Saturday, 25 June 2011

Money in old tropes - Cyborgs

Second in the series in which I give YOU a new take on an old trope and tell you to go earn big!

Last time was marines; this time it's cyborgs.

We know the concept very well. A cyborg is a cybernetic organism. But that's been done. To death. Check out just this list. We've had all of endoskeletons, exoskeletons and implants.

What's left? Well, our imaginations are the limit.

For example, you've probably heard of utility fog. It's been mentioned at the Expanse here re gaming and here re philosophy. The idea is that a huge number of tiny links in a 3D matrix regulate their relative positions to change shape, colour and property. The T1000 starts to look less fantastical. The real world starts to look less solid.

But how does this tie in with cyborgs? Surely utility fog is beyond biology? Not so fast. There might be plenty a nanocloud couldn't do, or do easily. Believable mimicking might be tricky, and replication of the large array of integrated systems in a complex organic lifeform - and that integration itself - might prove harder than creating the cloud.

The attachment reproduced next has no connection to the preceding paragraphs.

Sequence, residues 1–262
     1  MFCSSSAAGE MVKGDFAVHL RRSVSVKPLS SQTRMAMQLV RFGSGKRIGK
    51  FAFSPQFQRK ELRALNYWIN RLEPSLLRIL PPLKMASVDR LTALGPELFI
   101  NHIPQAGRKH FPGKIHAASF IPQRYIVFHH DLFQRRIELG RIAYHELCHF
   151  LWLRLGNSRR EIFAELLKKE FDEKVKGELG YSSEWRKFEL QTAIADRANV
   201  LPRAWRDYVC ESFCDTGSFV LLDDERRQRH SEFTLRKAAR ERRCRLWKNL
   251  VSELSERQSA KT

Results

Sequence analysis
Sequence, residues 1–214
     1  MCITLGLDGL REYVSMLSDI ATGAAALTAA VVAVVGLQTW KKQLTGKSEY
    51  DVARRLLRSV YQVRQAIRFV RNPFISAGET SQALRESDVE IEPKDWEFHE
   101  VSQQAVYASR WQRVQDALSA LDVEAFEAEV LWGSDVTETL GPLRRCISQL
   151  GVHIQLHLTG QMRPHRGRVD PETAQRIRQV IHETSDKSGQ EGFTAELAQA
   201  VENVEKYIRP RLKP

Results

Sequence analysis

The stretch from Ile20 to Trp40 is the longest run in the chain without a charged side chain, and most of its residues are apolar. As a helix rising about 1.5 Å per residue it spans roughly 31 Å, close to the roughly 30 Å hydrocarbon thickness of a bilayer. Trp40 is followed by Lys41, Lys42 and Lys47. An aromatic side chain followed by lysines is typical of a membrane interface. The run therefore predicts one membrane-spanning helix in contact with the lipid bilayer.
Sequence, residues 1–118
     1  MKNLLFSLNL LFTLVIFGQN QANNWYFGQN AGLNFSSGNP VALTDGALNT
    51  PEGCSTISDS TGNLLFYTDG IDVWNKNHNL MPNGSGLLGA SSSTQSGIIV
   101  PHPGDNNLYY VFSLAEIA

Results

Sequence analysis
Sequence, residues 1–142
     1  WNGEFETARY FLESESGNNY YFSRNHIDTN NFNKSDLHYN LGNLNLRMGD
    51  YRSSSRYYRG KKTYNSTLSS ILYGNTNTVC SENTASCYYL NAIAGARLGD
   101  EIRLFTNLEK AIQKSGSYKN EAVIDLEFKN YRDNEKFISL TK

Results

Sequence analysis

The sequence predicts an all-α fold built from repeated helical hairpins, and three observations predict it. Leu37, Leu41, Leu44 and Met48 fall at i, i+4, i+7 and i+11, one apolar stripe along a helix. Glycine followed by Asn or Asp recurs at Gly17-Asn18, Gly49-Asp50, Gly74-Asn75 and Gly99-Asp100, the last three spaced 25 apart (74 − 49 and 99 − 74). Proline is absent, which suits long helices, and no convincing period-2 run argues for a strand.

There's more on that kind of thing up now at the superb Astrogator's Logs, here.

So how about a biological base on which nanotech has gone to work, producing a transbiological form of tougher, more flexible bone, more efficient muscle, improved nervous and circulatory systems, and through all this a utility cloud has been run?

Within the body the cloud could beat the heart faster, reinforce blood vessels, hold wounds closed while they are repaired. It could project out beyond the skin to provide an invisible cushion, reacting to incoming projectiles and maybe deflecting them with concentrated electromagnetic pulses. It could provide support for the limbs or additional limbs, and allow chameleonic changes in appearance as well as a limited shapeshifting.

Impressive. How you feel about it as a possible reality likely depends on how you feel about transhumanism in general. It's a big subject. Fiction can help us explore it, assuming it's not selling it to us, whether for enthusiasm, profit or something more sinister. And there is of course a danger that fiction can make development more likely.

Am I being irresponsible? Maybe. Ideas are very powerful things.